One thousand years ago, give or take, Russian Slavs had largely displaced the Scythian nomads of Iranian-Assyrian descent along the Eurasian Steppe. The Russian warlords had ambitions of conquering Kiev, so yeah, not much has changed in all this time. However, the stout-hearted Lutobor has more pressing problems than empire building. He must rescue his wife and daughter from a band of assassins known as the “Wolves of Ares” in Rustam Mosafir’s The Scythian (trailer here), which screens during the 2018 Fantasia International Film Festival.
The Scythians’ days are numbered, but they are not going down without a fight. Making a bold play, they kidnap Lutobor’s family, demanding he assassinate the prince in exchange for their safe return. Lutobor remains loyal, but the Prince’s hatches a scheme to feign his slow death from poison to smoke out the conspirators. Unfortunately, his trusted lieutenant will have to become a fugitive from feudal judgement. His only ally will be Marten, a Scythian warrior betrayed by his own comrades during the raid on Lutobor’s compound.
If you have been craving hack-and-slash action, there is plenty in The Scythian. It is also loaded to the gills with weird pagan imagery. On the other hand, the logic is a little light. It never makes much sense that Marten would so immediately and decisively align himself with Lutobor, but so be it. Don’t bother looking for strong women characters here either, because it is a product of its environment.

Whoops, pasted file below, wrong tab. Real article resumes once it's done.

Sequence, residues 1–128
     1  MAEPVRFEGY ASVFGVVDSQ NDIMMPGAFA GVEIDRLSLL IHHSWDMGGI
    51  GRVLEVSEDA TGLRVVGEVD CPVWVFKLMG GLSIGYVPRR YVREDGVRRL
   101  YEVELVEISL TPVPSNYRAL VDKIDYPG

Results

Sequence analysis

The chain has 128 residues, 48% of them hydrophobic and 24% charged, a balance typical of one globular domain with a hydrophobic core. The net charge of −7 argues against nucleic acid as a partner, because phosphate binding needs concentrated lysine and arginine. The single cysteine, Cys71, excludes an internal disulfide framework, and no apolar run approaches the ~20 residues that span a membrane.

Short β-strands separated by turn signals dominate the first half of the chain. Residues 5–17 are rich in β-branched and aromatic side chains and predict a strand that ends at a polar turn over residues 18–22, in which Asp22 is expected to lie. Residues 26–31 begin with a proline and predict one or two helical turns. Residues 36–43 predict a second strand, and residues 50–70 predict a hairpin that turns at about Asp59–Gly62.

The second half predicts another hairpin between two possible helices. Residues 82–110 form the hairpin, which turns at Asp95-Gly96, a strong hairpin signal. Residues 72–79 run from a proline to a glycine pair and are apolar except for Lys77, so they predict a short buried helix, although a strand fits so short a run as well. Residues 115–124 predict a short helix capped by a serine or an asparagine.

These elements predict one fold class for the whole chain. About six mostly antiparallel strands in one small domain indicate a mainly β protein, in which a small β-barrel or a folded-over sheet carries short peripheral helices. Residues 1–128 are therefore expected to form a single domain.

As for the guys, there are a lot of them, but only three or four really register. Aleksey Faddev has the brawn and action chops for Lutobor, but Aleksandr Kuznetsov is a much stronger screen-presence as the mongoose-like Marten.
It is hard to miss the significance of the Christian proto-Slavs mastering the wild steppe. Even more fundamentally, that this Russian production would opt to identify with the pillaging hordes is even more telling—whereas in the West, our sword & sandal flicks usually feature heroes of Greek or Roman civilization, instead of rampaging Vandals. Granted, the ending somewhat deconstructs its own heroic Slavic mythmaking, but that probably just left its target domestic audience confused.
So, mind your steppe everybody. Frankly, The Scythian is such an oddball train wreck of symbolism it really is worth seeing. More importantly for most well-adjusted viewers, the fight scenes are definitely staged with gusto. This is a film that would make MSNBC’s talking heads wet their pants, because it combines rampant unchecked testosterone with barbaric Robert Spencer-alt right hair-styles. Recommended for Donald Trump and the curious, The Scythian screens again on Thursday (7/19), as part of this year’s Fantasia.